What is a way a self-aware person may act in a stressful situation at work, such as dealing with a conflict with a co-worker, versus a less self-aware person?
So if you think about a person who is usually conflict-avoidant, this situation would be very stressful. Perhaps in the past, this person has left a job because of a conflict, been taken advantage of, or overlooked for an opportunity due to her avoidance. But that same person who is avoidant can be aware of her tendency toward avoidance and put a stop to the recurring pattern. She can proactively seek advice, push through her comfort zone, practice ways to address the conflict, get a coach, etc. The awareness is the first step toward handling a conflict with a co-worker in a way that makes the stress productive rather than all-consuming or detrimental to one’s health.
In your opinion, how much should we focus on our strengths versus our weaknesses?
Strengths should be where we focus when we are making a decision. In the context of a career, you want to be sure you’re using your strengths as often as possible in the job you’re doing. That could mean taking on things not in your job description or advocating for a change in your job so you can flourish (and make more of a positive impact for the employer). If you’re able to live in your strengths during the majority of your work hours, you’ll be more engaged and make a stronger contribution. This is the very reason I became a career counselor and why I left a job without another one lined up!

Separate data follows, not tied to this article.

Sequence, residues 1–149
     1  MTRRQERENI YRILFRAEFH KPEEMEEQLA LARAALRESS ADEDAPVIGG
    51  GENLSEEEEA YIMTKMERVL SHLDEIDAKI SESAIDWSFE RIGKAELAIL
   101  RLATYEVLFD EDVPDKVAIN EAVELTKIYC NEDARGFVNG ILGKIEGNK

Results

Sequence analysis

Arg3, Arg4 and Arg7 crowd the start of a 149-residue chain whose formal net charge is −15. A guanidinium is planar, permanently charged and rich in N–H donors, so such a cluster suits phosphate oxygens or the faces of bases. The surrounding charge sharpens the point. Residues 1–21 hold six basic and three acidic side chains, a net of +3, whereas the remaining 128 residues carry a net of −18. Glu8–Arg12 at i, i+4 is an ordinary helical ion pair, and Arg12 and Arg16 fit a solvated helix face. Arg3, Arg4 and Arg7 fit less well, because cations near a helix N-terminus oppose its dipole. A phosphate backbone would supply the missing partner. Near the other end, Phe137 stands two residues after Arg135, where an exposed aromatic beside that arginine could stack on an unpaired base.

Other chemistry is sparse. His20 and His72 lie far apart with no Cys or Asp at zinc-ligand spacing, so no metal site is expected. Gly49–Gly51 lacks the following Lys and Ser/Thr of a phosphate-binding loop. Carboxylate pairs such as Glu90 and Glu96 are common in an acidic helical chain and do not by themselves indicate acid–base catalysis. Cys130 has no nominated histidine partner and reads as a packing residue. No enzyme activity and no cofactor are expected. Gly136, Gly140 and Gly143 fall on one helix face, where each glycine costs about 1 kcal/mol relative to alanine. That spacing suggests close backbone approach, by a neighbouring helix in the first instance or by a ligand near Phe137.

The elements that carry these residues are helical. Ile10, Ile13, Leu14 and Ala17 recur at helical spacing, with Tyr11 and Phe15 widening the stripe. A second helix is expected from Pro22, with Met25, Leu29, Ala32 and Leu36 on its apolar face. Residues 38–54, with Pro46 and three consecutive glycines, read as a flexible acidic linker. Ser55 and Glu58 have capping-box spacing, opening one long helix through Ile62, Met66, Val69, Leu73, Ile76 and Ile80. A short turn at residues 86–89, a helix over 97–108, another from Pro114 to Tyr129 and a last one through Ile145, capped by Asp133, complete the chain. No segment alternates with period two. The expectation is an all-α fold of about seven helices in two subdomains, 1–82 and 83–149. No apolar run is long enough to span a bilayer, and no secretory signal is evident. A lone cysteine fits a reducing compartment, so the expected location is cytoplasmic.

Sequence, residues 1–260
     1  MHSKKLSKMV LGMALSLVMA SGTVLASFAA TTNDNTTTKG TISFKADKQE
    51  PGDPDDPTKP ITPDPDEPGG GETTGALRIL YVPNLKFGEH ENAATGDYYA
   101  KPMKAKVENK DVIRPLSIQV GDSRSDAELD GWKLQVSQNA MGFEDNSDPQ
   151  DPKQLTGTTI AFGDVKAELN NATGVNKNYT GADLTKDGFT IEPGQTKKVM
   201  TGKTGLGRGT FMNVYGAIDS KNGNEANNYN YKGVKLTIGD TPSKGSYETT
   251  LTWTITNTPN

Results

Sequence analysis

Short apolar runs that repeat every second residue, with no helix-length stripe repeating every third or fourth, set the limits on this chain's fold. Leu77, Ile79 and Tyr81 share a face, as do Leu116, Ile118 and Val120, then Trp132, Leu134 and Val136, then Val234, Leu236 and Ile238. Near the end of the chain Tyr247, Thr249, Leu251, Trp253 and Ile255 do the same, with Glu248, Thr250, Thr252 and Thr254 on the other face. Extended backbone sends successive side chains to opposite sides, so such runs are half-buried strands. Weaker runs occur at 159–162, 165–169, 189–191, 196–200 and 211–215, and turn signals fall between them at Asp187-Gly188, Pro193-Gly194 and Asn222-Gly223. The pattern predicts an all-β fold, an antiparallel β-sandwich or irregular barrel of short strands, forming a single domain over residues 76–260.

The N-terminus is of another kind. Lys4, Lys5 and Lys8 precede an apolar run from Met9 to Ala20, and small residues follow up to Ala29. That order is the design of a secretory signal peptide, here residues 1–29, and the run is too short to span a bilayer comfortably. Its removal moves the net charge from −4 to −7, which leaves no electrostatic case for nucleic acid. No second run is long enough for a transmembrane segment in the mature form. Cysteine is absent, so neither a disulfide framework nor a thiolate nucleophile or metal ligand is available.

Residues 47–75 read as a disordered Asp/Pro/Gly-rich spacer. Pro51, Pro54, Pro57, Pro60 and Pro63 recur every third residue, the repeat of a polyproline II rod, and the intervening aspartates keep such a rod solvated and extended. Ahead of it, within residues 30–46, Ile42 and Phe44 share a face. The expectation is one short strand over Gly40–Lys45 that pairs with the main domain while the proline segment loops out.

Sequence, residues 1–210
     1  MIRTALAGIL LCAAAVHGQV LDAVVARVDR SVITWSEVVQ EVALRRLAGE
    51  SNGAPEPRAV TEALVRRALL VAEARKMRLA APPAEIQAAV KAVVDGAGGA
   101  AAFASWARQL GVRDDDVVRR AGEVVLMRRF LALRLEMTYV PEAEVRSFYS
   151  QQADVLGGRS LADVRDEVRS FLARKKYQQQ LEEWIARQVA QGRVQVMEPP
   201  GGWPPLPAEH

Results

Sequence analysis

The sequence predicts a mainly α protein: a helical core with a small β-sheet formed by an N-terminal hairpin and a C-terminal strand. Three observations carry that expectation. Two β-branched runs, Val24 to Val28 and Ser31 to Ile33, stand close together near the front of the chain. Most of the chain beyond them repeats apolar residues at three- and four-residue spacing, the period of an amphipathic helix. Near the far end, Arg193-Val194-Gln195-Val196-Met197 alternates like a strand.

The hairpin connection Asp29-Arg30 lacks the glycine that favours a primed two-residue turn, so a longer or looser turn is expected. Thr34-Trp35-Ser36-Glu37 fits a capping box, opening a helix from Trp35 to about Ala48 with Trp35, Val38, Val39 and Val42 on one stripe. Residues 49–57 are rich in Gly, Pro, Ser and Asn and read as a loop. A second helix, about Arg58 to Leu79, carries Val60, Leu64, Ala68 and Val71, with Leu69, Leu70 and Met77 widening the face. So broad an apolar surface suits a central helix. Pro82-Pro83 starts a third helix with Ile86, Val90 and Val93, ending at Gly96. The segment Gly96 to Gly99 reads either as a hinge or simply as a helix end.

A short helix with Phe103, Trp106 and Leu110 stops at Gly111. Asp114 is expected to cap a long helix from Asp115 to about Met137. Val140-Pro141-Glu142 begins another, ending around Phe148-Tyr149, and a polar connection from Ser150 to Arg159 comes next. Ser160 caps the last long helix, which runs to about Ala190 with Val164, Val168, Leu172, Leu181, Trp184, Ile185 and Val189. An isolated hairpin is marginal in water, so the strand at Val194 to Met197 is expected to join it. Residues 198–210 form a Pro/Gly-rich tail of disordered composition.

We can’t be the ostrich with our heads in the sand, ignoring our weaknesses. In fact, many employers like to ask about weaknesses in job interviews to see what kind of self-awareness we have. We all have weaknesses — it’s human! I think about focusing on weaknesses when they get in the way of the direction you’re trying to go. For example, when I was interested in being promoted, I talked with my supervisor about what I needed to do to be ready for it and learned the leadership role was one in which I needed to be known by the larger campus community — despite my wheelhouse of working one-on-one with students. I sought out a couple of committees that would help me do this and felt more prepared when I interviewed for the promotion once it became available.
How does self-awareness tie into self-care?
Self-aware people know which self-care strategies are going to feed their souls. A warm bath or a night at a hotel won’t be quite the trick for everyone. For example, as an extrovert, I tend to call a few close friends to talk through stressors as they arise. If I am not able to talk it out, it stews under the surface. However, as I’ve grown in my awareness of my extrovertedness, I’ve also seen how valuable silence can be to really engage with my soul and my spirituality. Just before I turned 30, I made a point to go on a 24-hour silent retreat. I was hesitant, so I had to give myself a deadline, and once I did it, I really enjoyed it and gained some profound clarity that I still reflect on and am grateful for. Understanding who I am naturally gave me the freedom to stretch and grow into the lesser-known parts of me — in this case, the introversion.